Turkey breaking away from the Istanbul Convent

It’s been almost 11 years. It was 11 May 2011 when in Istanbul, Turkey, the Council of Europe Convention on preventing and combating violence against women and domestic violence was signed by 45 countries. Eighty-one articles affirming a simple but revolutionary principle (then and still today): violence against women is a violation of human rights.
The convention was approved in constant dialogue with local feminist associations and is aimed at making a definitive change, providing the country with a fundamental tool for achieving real gender equality.

Over the last decade, however, the same government has been characterised by a series of conservative measures, utterances and battles over motherhood and family that have limited the rights won by women and have exacerbated inequalities. The decline in Erdogan’s support has prompted him to wink at the more orthodox electorate and the most fundamentalist lobbies are gaining more and more attention from political institutions only seven years later Turkey withdrew from the Convention in which so many women and NGOs put their hope in.

With a decree signed by President Recep Tayyip Erdoğan on March 2021, Turkey revoked its participation in the Istanbul Convention on the Prevention of Violence Against Women and Domestic Violence, after being the first country to ratify it in 2012.

Turkey’s decision to withdraw was reportedly made without parliamentary debate and without wider consultation with civil society, including women’s groups and women’s rights defenders. Since the Convention became operational in 2014, Turkish conservative groups have opposed its application, believing that it weakened the family, increased divorces and favoured the claims of the LGBT community.

President Erdogan’s spokesman Fahrettin Altun argued that the Istanbul Convention’s original intention to promote women’s rights had been “hijacked by a group of people attempting to normalise homosexuality” and that it was incompatible with the values and family members of Turkey. More generally, those who take critical positions argue that the real purpose of the document is not the protection of women, but the dissemination of the so-called “gender ideology”.
The treaty, in fact, is one of the first official documents to give a legal definition of “gender”. Furthermore, it must be said that the Convention places acts such as femicide or rape in a specific socio-cultural context and therefore does not consider them isolated crimes, thus highlighting the structural aspects of gender-based violence. This approach, however, is viewed with hostility by conservatives in various parts of Europe, because it would constitute an implicit attack on traditional family values.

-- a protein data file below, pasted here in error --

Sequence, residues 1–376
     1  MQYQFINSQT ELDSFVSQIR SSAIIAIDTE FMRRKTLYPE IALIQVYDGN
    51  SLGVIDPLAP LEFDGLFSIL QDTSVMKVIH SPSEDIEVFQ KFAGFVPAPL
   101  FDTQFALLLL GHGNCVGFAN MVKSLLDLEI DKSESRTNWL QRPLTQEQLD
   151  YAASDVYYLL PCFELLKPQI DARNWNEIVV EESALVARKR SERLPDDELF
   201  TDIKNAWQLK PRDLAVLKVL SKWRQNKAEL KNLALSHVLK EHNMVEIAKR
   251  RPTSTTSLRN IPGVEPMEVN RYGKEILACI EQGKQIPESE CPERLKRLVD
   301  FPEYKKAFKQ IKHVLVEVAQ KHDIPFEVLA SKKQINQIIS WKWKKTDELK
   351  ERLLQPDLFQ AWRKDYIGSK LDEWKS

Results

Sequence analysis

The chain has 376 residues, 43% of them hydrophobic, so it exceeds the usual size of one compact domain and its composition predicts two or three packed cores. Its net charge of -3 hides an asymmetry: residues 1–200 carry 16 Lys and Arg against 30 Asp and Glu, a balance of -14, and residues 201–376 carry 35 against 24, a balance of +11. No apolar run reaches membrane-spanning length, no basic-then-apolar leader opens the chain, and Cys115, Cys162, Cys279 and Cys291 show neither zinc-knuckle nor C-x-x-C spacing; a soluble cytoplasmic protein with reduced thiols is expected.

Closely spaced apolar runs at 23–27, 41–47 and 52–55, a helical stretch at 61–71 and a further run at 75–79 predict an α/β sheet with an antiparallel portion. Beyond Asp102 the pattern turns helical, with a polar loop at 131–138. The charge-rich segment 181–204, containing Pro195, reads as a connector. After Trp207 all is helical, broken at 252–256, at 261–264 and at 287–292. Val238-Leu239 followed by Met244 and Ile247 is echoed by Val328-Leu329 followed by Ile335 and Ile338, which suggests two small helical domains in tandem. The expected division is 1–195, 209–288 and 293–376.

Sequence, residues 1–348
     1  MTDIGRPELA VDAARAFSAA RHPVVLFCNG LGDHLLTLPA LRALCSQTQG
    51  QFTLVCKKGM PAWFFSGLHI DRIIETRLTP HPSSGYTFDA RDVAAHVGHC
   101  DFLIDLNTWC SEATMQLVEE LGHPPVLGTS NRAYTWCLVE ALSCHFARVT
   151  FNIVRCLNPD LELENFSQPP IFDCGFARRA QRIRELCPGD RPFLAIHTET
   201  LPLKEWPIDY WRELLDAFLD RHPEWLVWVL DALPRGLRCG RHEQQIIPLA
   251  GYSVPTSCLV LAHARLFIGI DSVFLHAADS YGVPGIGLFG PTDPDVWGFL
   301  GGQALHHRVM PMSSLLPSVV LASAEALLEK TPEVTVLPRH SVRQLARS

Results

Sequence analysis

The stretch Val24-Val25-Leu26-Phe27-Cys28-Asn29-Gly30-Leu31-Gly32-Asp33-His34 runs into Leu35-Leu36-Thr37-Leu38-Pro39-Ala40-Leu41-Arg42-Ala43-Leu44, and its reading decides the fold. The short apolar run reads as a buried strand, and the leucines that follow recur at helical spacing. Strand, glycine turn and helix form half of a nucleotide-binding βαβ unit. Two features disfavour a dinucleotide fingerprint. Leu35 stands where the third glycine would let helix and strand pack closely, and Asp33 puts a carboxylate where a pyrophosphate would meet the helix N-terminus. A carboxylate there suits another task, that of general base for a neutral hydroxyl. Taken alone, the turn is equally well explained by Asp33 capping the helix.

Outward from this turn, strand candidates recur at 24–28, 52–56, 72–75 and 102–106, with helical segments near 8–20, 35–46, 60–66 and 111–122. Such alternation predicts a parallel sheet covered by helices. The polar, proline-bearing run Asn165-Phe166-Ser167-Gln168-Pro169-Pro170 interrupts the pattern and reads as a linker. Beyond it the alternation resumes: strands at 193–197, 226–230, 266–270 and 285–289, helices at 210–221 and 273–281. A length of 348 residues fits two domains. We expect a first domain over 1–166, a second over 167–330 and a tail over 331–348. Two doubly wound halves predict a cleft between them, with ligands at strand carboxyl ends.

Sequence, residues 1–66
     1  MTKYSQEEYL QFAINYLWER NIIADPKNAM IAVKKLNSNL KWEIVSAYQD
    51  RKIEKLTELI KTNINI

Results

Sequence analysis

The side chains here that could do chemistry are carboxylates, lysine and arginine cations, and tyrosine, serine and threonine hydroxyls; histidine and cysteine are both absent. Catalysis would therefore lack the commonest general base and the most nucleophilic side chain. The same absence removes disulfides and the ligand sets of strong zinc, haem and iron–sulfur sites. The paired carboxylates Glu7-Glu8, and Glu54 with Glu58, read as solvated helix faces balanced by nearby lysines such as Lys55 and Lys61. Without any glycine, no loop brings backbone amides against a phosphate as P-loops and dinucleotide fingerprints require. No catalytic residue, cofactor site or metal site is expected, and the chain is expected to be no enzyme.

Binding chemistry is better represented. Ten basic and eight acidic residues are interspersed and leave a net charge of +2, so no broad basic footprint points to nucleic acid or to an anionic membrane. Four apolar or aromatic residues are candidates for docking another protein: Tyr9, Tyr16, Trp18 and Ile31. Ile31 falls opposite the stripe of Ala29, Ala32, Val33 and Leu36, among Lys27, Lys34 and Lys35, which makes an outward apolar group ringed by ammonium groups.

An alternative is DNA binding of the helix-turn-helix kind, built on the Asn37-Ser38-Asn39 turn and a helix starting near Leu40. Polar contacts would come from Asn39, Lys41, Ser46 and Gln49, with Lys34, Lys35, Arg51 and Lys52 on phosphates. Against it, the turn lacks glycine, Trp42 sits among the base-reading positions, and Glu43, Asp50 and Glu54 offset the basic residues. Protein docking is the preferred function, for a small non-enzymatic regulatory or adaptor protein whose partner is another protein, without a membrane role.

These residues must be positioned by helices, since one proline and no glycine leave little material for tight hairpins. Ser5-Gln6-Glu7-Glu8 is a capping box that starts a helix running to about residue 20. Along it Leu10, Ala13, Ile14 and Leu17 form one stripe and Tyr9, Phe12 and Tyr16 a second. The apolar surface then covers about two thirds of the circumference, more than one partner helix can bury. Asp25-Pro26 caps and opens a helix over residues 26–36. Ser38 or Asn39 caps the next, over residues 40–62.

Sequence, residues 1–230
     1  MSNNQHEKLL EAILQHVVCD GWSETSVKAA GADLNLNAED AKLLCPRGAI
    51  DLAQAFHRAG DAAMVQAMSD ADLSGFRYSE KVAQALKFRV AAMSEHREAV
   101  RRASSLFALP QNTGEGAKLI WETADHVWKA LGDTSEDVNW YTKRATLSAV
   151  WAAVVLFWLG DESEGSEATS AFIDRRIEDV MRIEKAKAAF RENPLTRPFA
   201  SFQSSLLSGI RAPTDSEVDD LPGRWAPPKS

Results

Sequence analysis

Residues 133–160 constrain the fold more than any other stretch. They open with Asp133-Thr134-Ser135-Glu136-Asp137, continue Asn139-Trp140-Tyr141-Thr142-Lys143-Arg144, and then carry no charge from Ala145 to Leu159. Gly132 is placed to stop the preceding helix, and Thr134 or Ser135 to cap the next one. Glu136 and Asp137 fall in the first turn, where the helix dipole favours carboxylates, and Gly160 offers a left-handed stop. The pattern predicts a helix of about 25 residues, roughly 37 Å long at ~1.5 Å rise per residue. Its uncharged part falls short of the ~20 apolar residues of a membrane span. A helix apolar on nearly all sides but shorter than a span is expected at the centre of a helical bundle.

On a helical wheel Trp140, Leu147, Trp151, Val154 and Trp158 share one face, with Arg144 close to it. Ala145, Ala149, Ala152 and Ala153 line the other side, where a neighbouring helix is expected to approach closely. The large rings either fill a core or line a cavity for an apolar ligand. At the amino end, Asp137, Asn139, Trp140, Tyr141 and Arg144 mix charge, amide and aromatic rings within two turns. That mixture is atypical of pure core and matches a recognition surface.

When Turkey withdrew from the Convention there were a lot of demonstrations organised by women’s rights groups, but also abroad by civil society and on social media that see the urge for such a treaty in Turkey. Even today there are still efforts done to prove that the withdrawal was illegal, which several female lawyers are fighting for, calling themselves women ‘the main opposition in Turkey.

The Istanbul prosecutor’s office has recently called for the dissolution of Turkey’s largest feminist movement, formally accusing it of “acting against the law and morality”. Prosecutors have argued that the group acted with the aim of “disintegrating the family structure” under the “pretext of defending women’s rights”. Feminists, on the other hand, spoke of a war on women, illegitimate and unfounded accusations, and of an intimidating attack that is part of the political strategy of repression of dissent carried out by President Recep Tayyip Erdoğan in view of the presidential elections to be held in 2023.

Over the years, the number of femicides has increased. In the absence of official statistics, the independent information network Bianet, considered authoritative, records a number of 339 femicides in 2021, compared to 284 in 2020.

The farewell to the Istanbul Convention is just the latest step in a process that is creating a very difficult environment for Turkish women. The government’s crusade against gender equality, the absence of a real plan to combat discrimination and indeed the indirect help that the state offers to the executioners to redeem themselves, is undoubtedly affecting Turkey’s cultural climate. And this is translating into increasingly worrying data, both on the gender violence side and from the point of view of the social inclusion of women.